M CH3COOH, 10% HNO3, H2SO4 (pH 3), 50%H2O2 + H2SO4 (pH 3), and
saturated CO2 solution. The responses suggest that carbonates and the
organic polymer contribute as cementing agents, and that enhanced
disaggregation by H2O2 and diminished disaggregation in saturated CO2
solutions may contribute to the weathering of carbonaceous meteorites
in martian or early Earth environments, respectively. The cation
exchange capacities (CEC) of the solid (7.2 +/- 0.8 meq/100 g) and
powdered Murchison (7.8 +/- 1.5 meq/100 g) are comparable. The cation
exchange capacity is not reduced by oxidation or acetylation,
suggesting that the binding sites of exchangeable cations are mostly
inorganic. The CEC correlates with water vapor adsorption similar to
that for terrestrial soils. For example, at 20 degrees C and P(H2O) =
10.8 mbars, 17 mg/g H2O is adsorbed on Murchison (CEC = 7.2 meq/100 g)
and only 0.6 mg/g on Allende (CEC = 0.4 meq/100 g). Under these
conditions 13 H2O molecules are adsorbed per surface cation in
Murchison and 8 H2O molecules/cation in Allende, similar to 9 H2O
molecules/cation in terrestrial soils and in montmorillonite.
Adsorption isotherms on the Murchison are convex at low pressures,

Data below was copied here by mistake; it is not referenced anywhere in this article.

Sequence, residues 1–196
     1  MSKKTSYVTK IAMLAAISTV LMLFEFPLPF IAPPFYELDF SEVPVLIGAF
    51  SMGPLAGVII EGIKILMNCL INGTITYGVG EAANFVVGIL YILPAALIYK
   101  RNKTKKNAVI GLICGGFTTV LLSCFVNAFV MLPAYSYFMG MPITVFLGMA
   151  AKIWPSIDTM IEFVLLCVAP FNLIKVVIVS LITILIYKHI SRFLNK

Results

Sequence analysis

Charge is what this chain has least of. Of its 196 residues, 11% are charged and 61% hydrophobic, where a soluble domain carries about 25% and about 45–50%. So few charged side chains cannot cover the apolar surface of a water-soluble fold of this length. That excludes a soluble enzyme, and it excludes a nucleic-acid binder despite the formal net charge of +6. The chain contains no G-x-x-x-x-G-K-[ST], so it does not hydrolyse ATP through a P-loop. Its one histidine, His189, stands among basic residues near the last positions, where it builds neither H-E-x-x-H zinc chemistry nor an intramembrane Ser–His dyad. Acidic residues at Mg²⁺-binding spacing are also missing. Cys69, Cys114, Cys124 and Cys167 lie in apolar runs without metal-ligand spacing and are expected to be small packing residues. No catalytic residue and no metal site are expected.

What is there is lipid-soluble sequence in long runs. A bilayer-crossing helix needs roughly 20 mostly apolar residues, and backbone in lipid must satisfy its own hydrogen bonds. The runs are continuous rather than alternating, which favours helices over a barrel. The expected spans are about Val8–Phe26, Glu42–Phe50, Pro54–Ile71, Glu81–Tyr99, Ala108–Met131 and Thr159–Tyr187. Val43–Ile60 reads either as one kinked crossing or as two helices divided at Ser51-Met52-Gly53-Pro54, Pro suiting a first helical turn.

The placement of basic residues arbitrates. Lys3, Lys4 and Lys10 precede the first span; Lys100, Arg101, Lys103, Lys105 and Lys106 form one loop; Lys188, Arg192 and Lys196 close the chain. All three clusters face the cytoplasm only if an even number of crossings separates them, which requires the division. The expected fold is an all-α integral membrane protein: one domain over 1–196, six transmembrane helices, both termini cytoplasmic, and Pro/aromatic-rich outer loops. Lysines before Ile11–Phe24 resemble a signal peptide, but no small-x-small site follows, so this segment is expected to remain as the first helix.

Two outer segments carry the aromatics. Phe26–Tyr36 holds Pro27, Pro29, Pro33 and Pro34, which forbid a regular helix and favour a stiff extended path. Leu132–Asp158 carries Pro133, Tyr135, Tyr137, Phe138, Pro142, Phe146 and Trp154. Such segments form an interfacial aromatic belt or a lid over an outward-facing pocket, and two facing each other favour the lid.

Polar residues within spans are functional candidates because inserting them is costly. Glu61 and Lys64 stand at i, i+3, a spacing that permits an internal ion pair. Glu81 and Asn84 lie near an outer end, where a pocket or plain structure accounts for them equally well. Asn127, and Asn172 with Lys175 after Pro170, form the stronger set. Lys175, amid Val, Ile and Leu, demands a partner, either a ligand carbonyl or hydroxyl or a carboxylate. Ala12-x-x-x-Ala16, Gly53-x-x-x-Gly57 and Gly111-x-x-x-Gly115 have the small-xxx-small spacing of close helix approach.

indicating strong bonding of the first water molecules, and concave at
high pressures, indicating a broad pore size distribution. Isotherms at
278, 293, and 311 K yield isosteric heat of adsorption of 56.5 +/-
2.5 kJ/mol at 4-8 H2Oadsorbed molecules/cation, similar to that for
montmorillonite. The isotherms yield a specific surface area of S-w =
37 x 10(3) m(2)/kg for Murchison, larger than the 19 x 10(3) m(2)/kg of
pure serpentine, suggesting contributions, in addition to the main
serpentine-like phyllosilicates, by components equivalent to a 9-12%
smectic clay-like content. Water evaporation curves from meteorite
surfaces display the multistage behavior typical of soils, with
slow rates for the evaporation of surface-adsorbed water. The gas
adsorption data allow an assessment of gas-adsorbed water equilibrium